But before the enlarger… the ritual.  Chalk.  Salt.  Candles.  Herbs.

Thwick.

Just enough fire to burn the herbs.  Not enough to set off the lone smoke detector in the hallway.  He couldn’t disable the thing without somebody finding out — landlord didn’t want the crackheads burning down his rat-infested cash cow, so the smoke detectors were checked once a week.

Scratch.

Creak.

He almost stopped chanting.  Neighbors?  No, it wasn’t coming from the hall.  Closer, but smaller.  Rats.

He completed the ritual.

Click.

Clank.

Creak.

He stopped, one hand on the negative in the enlarger, to listen.

Creak.

Rats?  He could swear they were getting bigger… they didn’t used to be heavy enough to make anything creak.

Enough of that.  On to the project at hand.  Negative.  Doll.  Light.  Face over face, eyes aligned with eyes.  Another chant.  The doll went heavy, thudded to the side.  Somewhere, so did a body.  Not dead.  Coma patients all over the city.  Mostly the worst hospitals.  Mostly on the public dime.  Still on life support — first, do no harm.  Even if they couldn’t find a next of kin.

Negative.  Doll.  Light.   Eyes over eyes.

Thud.

Click.

Back to the storeroom.  Two more faces now, staring.

Scratch.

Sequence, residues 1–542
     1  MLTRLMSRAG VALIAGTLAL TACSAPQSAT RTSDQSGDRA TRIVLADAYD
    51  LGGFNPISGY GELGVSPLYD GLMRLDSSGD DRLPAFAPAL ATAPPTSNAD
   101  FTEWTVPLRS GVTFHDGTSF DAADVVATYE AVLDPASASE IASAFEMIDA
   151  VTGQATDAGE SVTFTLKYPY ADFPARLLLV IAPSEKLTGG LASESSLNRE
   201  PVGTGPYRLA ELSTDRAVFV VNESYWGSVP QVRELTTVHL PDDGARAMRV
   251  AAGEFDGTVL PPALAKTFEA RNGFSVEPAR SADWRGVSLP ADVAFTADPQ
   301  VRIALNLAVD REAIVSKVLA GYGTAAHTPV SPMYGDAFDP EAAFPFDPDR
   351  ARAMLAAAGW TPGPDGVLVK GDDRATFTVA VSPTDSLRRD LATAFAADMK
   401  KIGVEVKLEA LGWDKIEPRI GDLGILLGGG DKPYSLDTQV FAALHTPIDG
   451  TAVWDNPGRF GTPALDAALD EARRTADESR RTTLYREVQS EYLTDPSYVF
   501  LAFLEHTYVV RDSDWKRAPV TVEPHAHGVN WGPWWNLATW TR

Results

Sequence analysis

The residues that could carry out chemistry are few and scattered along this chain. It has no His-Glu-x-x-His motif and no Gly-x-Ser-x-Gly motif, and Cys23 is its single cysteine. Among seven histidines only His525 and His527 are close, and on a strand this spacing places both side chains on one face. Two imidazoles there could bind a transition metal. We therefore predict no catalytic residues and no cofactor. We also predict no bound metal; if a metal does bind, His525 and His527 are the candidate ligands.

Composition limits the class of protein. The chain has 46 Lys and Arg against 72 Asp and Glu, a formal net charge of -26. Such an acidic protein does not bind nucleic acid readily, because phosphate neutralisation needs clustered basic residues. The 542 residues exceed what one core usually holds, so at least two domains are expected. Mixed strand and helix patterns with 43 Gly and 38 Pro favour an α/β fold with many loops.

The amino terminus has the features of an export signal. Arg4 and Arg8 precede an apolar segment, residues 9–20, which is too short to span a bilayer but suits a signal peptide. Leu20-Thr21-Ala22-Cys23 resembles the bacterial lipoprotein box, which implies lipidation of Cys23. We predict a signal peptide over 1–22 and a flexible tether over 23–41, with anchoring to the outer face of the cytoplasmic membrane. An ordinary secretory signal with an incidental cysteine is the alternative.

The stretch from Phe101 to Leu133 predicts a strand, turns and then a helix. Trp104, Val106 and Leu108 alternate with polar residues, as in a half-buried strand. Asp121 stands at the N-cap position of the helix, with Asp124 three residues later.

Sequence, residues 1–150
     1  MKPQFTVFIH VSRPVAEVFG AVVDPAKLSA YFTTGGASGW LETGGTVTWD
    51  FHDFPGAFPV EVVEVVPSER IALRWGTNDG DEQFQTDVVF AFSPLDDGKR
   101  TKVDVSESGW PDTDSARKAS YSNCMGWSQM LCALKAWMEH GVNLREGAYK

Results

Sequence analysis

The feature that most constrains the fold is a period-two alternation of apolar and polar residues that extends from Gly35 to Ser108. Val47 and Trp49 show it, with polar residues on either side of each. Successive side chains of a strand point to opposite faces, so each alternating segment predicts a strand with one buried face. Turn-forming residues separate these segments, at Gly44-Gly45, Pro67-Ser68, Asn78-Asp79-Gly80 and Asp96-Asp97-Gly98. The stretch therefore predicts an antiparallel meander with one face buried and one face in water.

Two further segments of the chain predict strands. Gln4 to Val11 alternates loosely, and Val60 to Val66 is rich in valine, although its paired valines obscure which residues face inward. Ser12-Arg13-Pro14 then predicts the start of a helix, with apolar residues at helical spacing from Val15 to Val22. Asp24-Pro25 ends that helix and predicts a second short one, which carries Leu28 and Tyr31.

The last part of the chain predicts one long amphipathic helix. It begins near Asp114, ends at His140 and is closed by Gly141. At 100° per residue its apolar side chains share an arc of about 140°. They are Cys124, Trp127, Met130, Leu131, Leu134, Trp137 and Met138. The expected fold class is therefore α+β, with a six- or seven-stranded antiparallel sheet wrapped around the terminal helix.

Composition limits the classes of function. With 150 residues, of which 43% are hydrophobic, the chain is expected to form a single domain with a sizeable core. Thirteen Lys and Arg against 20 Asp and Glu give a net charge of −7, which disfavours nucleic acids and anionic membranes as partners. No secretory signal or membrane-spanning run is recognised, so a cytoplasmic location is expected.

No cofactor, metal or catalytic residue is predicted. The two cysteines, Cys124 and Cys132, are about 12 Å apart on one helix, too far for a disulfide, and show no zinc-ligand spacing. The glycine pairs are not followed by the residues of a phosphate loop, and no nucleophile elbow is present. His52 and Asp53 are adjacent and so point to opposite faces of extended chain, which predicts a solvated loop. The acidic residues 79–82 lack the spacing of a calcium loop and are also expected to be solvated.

Scratch.

SNAP!

Got him.  An almost-beheaded rat, over in the corner.  Two words, and four of the faces quit staring at him.  Scrabbled down the shelf in a rustle of plastic limbs.  Pallbearers at a rat funeral.  Cheese still intact.  Saved having to reload when the four brought the trap back, empty.  Wasn’t too hard for four dolls to open the trap and heave a dead rat through the broken window.  All they needed was a little leverage.

Another scrabble of plastic, and the four staring faces returned to their shelf.  All quiet.  Still.  Back to the living room.

Too wired to sleep, he took out the book he’d stolen from the library and the pages he’d printed off the internet.  More chants.  Spells. Commands.  Strategy.  Targets.  Not a foolproof plan yet.  The first wave, the ones with the bombs, mostly one-armed, would be cannon fodder, but the second wave… that was more tricky.  Easy for them to steal without leaving fingerprints; not so easy to keep from being traced back to him somehow.

Scratch.

Scratch.

It was coming from the storeroom.

He waited for the SNAP!

It didn’t come.

Rats.

3am.  Impossible to keep his eyes open any longer.

3:15am.  Asleep on the couch, spell book and city maps in his hands.

Scratch.

Scratch.

4:07am.  Rats.  In the living room?  Loud enough to wake him.  He had traps everywhere.  A quick look around — all still empty.  He put the book and papers on the crate he used as a coffee table.  Sleep again.

Scratch.  

Scratch.

He woke slowly.  His lips were stuck together.  How…?

Tape.

He tried to raise his arms, but something was weighing them down.

Scratch.

Scratch.

Creak.

Panic.  What was happening?  Had the junkies across the hall come to rob him?  Good luck to them finding anything they could sell or smoke.

Scratch.

Creak.

Creak.

Not the junkies.  Not loud enough.  Not big enough.

Thud.